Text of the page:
From batting woes to pace aces, major takeaways from Ashes 2019
England won the final Ashes Test to level the five-match series against Australia at 2-2, with the tourists retaining the urn. Here things learned from the contest
Ben Stokes has become a giant figure in English cricket.
The all-rounder was already a national hero after his World Cup exploits, which propelled England to their first-ever victory in the 50-over competition.
But, restored to the position of Test vice-captain, he also produced the magic in the Ashes, hitting two centuries, including a phenomenal match-winning knock of 135 not out at Headingley.
Stokes was played as a specialist batsman in the final Test at the Oval, showing how highly he is valued, and he picked up England's man-of-the-series award.
With a few notable exceptions the frontline batsmen struggled during the Ashes series.
Smith was the standout performer and Australia's Marnus Labuschagne also impressed, averaging more than 50 in his seven innings.
But David Warner had a stinker, scoring just 95 runs in 10 innings at a paltry average of 9.5 after an impressive World Cup.
Ben Stokes was the only player to top 400 runs for England but opener Rory Burns boosted his reputation, averaging 39 against Australia's fearsome quicks.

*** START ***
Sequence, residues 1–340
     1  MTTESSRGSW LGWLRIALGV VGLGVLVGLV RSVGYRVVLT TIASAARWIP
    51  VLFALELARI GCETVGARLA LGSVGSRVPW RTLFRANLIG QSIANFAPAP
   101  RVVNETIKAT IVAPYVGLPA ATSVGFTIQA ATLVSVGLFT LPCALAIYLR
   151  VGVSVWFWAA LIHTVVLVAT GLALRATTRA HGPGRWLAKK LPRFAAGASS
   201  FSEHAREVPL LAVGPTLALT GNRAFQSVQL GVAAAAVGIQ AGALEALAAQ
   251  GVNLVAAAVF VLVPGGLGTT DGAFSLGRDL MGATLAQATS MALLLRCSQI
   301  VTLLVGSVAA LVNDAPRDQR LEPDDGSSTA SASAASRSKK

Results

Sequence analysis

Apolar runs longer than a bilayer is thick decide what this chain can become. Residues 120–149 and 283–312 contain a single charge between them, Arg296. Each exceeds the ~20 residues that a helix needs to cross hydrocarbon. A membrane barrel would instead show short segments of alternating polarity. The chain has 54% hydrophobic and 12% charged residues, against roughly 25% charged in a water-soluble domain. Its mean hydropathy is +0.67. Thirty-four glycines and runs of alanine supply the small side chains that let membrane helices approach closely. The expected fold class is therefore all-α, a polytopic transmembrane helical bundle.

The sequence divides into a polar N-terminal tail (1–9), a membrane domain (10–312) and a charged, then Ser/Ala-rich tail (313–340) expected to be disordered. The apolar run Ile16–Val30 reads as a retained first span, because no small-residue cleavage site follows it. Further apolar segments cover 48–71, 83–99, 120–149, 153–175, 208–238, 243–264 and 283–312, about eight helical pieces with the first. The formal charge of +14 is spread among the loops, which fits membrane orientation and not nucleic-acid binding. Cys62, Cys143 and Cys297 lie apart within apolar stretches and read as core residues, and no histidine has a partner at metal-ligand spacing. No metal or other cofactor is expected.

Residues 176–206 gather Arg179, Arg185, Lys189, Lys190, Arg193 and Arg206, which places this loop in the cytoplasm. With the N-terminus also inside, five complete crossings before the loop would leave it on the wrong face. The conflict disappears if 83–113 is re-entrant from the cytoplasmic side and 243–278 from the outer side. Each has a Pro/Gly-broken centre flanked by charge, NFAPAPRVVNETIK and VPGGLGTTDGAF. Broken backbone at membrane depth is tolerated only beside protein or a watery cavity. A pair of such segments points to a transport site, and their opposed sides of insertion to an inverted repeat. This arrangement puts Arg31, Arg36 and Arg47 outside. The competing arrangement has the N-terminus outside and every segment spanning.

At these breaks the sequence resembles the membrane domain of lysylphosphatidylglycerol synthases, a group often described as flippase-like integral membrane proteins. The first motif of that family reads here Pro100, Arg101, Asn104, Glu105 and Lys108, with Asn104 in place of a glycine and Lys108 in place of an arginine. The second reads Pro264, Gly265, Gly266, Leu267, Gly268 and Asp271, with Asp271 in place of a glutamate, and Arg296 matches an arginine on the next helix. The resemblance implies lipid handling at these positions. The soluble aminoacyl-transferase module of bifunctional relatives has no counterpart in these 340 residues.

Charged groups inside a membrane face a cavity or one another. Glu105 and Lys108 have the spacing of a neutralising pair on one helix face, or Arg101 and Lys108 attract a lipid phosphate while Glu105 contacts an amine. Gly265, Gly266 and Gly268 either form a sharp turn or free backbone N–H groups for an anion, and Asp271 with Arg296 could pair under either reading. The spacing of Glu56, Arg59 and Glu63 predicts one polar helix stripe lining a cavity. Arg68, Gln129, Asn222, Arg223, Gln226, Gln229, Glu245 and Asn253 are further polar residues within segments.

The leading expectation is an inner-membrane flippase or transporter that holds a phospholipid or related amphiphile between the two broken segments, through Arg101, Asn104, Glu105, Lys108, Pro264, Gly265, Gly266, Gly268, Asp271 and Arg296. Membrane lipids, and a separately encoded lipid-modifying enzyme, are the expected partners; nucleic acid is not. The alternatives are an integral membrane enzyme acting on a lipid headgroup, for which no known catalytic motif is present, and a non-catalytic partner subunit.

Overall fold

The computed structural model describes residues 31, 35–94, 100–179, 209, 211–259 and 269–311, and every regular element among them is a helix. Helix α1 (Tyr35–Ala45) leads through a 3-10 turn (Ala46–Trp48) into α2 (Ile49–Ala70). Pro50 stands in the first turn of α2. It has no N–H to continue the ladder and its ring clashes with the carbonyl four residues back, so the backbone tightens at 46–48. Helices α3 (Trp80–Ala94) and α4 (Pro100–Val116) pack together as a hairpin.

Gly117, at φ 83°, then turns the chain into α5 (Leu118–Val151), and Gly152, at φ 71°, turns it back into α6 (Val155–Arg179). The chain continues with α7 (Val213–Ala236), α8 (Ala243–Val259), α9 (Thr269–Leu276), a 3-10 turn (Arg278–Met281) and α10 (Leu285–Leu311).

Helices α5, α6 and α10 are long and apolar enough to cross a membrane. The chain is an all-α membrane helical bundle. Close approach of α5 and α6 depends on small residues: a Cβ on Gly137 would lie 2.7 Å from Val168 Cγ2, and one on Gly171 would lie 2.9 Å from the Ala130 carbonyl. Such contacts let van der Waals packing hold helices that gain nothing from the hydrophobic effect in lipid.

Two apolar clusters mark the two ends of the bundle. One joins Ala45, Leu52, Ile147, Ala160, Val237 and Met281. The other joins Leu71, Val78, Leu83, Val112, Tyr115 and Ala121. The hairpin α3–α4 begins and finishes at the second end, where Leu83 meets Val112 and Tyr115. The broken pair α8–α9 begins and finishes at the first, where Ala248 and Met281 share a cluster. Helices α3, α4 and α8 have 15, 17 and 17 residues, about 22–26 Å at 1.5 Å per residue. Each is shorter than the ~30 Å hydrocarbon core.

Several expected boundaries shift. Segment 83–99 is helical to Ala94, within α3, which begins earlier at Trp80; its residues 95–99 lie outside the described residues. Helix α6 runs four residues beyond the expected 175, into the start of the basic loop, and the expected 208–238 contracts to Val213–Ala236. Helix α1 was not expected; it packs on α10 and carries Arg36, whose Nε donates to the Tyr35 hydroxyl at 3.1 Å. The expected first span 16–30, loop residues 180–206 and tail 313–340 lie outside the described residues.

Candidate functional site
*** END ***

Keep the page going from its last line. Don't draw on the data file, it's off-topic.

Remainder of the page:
England captain Joe Root had a poor series by his high standards, averaging 32.5 with three ducks.
Australia can boast two bowlers in the top 10 of the Test rankings in Pat Cummins and Josh Hazlewood and the pair were at the top of their game throughout the series, taking a combined 49 wickets.
With Mitchell Starc and James Pattinson also in the mix, Australia have a pace battery to strike fear into any batting line-up.
England suffered a huge blow when James Anderson was injured in the first Test and could take no further part in the series.
But Stuart Broad, his long time new-ball partner, stepped up, taking 23 wickets.
And the pace of Jofra Archer, who touched speeds of 95 miles per hour on Sunday, is a major weapon for England.
Archer took six wickets in Australia's first innings at the Oval to swing the game England's way and finished his first series with 22 wickets at an average of just over 20.
The World Cup final ended in the most dramatic way possible, with the one-day showpiece throwing down a gauntlet to the longer form of the game.
But the Ashes also produced many moments of high drama in front of packed crowds at English grounds.
The highlight was England's phenomenal Stokes-inspired win at Headingley, which put Test cricket firmly back in the public consciousness.